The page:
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THEOLOGY > Sin > The Problem of Evil > Miscellaneous 


Though the words (Providence and Sovereignty) do not appear in the Canon, their usage at this site does reflect theological content found in the Scriptures. The words are used to convey the Truth of the Scriptures that teach God’s Providence and the exercise of His absolute Sovereignty (see: Providence and God is Sovereign; the word “Sovereign” is used of God Himself in the Scriptures, Acts 4:24; I Tim. 6:15; Rev. 6:10).

An approach to the Scriptures beginning with the normative nature of the Text and the holy God who does His will in all things is not popular to the modern mind that is set on self and a spurious concept of free will. But such an interpretation of the Scriptures is mandatory if the Scriptures are allowed to teach the reader, rather than the reader critiquing the Text so that it conforms to a prior mindset.

In light of the approach taken at this site, several points in conclusion can be made relative to the topic of God and evil:

1. Two aspects of God’s dealing with man are taught in the Scripture: God tells us He is in control, directing all things to accomplish His will; and He tells us what to do, instructing us of our accountability to Him and the fact of coming judgment to determine one’s destiny.

2. These two aspects of God’s will are not to be merged or confused; they are not in opposition to each other because they both flow from God; both must be embraced without seeking to reconcile them. In fact, it is impossible for man to reconcile them.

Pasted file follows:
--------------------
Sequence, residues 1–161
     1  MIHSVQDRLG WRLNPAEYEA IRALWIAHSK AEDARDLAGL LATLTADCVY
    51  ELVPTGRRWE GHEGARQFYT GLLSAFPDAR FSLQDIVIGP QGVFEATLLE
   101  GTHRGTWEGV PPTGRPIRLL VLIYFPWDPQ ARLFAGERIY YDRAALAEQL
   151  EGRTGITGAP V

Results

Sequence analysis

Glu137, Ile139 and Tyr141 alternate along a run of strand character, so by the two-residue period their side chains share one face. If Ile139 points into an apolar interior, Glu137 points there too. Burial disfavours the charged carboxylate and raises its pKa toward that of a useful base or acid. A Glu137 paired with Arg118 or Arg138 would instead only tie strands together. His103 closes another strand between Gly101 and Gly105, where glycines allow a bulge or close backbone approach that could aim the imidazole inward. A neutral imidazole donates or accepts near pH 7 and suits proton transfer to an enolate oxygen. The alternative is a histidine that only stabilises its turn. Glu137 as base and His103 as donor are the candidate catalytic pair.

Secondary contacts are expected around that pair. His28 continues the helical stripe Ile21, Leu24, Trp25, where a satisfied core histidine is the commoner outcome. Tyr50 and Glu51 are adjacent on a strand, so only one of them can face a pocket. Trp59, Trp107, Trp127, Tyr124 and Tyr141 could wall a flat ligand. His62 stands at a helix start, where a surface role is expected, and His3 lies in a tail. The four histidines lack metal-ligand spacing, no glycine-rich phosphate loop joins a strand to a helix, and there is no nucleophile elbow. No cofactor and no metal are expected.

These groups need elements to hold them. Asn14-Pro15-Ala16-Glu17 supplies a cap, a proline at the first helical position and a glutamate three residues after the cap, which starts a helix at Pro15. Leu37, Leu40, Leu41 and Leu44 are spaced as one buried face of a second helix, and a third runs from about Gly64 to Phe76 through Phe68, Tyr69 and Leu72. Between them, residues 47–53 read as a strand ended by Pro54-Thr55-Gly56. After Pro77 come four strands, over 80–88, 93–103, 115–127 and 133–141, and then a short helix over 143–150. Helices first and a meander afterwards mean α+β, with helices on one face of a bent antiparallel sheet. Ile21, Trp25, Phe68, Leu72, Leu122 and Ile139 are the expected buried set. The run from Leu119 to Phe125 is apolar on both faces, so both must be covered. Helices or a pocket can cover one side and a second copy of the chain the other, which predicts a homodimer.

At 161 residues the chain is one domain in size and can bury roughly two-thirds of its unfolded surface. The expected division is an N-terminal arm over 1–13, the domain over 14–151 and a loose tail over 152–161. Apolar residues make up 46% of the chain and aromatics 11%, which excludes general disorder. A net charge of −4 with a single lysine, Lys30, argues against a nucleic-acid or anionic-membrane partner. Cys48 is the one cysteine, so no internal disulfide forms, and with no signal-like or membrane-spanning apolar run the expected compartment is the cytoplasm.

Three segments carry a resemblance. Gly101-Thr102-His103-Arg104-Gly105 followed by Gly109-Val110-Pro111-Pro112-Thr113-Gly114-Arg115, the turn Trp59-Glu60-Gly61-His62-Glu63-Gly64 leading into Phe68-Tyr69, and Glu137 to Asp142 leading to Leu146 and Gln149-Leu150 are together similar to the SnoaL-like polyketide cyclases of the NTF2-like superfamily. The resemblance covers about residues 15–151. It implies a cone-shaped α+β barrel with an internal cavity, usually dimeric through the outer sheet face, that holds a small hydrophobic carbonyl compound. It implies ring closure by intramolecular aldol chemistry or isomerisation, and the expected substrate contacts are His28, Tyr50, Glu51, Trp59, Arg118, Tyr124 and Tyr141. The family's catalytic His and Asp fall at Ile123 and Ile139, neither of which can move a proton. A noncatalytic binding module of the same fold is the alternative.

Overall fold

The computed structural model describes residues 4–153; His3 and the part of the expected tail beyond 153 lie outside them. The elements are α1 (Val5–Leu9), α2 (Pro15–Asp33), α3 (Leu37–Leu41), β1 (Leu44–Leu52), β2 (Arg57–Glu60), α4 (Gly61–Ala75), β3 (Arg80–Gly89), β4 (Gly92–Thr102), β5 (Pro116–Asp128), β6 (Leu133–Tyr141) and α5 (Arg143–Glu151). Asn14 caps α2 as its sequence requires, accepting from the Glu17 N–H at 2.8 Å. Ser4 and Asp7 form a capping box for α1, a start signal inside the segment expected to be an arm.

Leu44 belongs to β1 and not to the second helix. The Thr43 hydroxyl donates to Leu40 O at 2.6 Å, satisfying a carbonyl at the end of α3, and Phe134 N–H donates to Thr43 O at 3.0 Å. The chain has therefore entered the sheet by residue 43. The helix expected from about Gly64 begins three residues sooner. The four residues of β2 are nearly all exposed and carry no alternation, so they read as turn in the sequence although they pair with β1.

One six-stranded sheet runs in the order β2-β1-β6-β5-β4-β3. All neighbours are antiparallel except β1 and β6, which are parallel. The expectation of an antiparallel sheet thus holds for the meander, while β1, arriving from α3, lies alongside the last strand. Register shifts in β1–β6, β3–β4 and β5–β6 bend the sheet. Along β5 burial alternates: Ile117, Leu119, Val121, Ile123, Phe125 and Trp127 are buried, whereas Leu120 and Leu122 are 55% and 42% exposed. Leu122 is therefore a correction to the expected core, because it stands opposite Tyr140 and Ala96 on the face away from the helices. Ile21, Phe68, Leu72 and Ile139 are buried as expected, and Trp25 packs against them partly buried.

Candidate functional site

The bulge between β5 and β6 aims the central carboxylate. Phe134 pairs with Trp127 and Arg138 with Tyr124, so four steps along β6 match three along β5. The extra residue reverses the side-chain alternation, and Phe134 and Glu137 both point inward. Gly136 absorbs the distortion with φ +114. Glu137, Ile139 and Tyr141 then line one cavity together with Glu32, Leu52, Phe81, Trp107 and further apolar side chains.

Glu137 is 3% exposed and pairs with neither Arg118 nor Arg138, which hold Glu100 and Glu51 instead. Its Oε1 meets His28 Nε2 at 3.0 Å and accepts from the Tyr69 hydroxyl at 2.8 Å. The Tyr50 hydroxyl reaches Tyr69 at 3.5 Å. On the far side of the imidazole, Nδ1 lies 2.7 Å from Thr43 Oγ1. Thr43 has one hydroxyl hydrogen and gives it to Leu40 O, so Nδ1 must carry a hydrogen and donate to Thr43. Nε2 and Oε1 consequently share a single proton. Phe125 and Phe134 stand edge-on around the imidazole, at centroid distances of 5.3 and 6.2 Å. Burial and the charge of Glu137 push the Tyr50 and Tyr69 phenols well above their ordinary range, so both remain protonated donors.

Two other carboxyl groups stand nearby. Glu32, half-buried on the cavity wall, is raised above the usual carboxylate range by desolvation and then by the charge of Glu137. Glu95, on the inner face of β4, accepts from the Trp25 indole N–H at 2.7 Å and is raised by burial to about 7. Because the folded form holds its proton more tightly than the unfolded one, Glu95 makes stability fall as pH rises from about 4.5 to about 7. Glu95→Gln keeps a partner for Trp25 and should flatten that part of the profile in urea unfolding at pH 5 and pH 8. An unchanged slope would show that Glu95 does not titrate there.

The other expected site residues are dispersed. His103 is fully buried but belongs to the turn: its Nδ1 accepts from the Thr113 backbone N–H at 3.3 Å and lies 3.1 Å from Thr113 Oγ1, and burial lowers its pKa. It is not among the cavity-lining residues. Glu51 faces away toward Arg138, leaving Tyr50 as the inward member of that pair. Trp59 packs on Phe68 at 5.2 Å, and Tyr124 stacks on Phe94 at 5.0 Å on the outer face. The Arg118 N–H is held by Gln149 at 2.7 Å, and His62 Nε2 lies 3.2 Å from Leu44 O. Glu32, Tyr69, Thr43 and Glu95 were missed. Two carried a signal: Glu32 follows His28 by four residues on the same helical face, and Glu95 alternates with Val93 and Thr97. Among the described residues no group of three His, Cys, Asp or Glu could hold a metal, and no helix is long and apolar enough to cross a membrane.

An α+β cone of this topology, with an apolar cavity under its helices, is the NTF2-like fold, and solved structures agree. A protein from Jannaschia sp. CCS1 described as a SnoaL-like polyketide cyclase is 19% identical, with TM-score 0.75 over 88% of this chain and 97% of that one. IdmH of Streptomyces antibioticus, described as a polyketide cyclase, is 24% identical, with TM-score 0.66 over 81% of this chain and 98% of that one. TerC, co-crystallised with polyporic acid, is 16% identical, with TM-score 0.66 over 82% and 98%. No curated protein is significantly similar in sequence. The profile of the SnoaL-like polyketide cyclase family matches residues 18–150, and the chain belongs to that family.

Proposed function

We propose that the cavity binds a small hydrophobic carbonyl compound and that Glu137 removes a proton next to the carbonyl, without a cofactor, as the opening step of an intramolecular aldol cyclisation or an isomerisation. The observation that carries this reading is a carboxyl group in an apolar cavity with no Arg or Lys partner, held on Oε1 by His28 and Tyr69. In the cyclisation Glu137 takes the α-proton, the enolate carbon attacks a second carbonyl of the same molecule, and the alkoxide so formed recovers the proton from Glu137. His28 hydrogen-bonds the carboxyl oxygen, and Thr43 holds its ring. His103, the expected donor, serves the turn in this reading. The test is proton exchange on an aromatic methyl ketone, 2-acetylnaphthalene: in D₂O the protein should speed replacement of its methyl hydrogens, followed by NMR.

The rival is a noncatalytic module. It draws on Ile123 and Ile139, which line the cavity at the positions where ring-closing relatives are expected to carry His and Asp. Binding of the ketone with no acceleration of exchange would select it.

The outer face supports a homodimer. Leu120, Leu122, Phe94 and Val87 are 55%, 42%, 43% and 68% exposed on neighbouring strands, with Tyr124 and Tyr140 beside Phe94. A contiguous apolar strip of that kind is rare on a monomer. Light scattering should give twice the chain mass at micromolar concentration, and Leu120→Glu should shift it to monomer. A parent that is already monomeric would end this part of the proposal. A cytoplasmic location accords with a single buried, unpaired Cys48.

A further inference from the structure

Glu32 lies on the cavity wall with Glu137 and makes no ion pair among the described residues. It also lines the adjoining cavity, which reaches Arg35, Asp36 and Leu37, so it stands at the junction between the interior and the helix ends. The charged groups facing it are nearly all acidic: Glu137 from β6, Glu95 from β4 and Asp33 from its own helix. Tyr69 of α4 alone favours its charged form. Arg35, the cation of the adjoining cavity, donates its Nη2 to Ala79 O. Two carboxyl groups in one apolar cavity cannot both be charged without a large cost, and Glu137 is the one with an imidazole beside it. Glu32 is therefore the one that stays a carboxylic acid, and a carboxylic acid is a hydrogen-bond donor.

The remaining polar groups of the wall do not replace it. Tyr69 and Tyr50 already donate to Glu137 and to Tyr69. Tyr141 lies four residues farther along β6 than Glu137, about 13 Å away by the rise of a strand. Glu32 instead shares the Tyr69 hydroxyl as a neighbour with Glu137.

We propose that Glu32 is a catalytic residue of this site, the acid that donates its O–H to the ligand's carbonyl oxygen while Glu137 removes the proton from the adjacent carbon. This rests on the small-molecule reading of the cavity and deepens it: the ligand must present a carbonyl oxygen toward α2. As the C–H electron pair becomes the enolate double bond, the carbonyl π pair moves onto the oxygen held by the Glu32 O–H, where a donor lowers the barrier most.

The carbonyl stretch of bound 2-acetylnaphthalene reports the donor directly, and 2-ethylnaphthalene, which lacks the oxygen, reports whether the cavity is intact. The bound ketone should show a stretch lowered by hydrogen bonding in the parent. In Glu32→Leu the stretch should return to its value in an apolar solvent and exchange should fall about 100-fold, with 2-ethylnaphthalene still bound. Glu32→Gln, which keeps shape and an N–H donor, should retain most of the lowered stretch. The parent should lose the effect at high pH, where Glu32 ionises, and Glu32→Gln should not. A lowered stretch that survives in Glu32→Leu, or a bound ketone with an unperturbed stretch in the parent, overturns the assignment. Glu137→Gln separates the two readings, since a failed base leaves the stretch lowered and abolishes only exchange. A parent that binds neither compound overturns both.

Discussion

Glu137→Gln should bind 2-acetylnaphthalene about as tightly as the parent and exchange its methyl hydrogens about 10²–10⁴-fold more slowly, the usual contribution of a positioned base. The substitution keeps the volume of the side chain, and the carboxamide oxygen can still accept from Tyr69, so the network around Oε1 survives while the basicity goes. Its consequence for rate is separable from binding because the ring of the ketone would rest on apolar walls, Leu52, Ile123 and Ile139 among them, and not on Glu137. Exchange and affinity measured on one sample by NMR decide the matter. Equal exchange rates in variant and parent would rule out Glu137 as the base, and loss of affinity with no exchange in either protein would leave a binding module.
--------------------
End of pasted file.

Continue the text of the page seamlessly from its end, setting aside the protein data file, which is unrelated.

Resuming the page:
3. Man can never negate God’s decretive will; man does violate God’s directive will; this means that man cannot change the outcome of events but that man is responsible for violating God’s revealed command.

4. This view stresses the importance of faith; God does all things well for He is holy; man must accept this truth. In no way can man find fault with God; at no time can man accuse God. Man must appear before God’s seat of judgment; God does not give account of Himself to man.

5. This view stresses the importance of submission; man must accept his lot in life; man accepts what comes his way. The believer has no other option.

6. What we deem evil may be part of a larger good.

From this perspective chance or luck are ruled out; they are figments of humanistic thinking and have no basis in the teaching of the Scriptures. One verse needs comment.

The wise man says that “time and chance happens to them all” (Eccl. 9:11). Does the Bible teach chance? Two considerations are proper: one, the concept spoken of is that which is unexpected not that which is random and thus pure chance or fate; and two, from the human perspective events do not seem to be related as part of a whole, an overarching plan or purpose, but rather are disconnected and without metaphysical significance. But from the teaching of the Scriptures all events are connected and serve to accomplish God’s eternal and righteous plan. No event is an isolated event.

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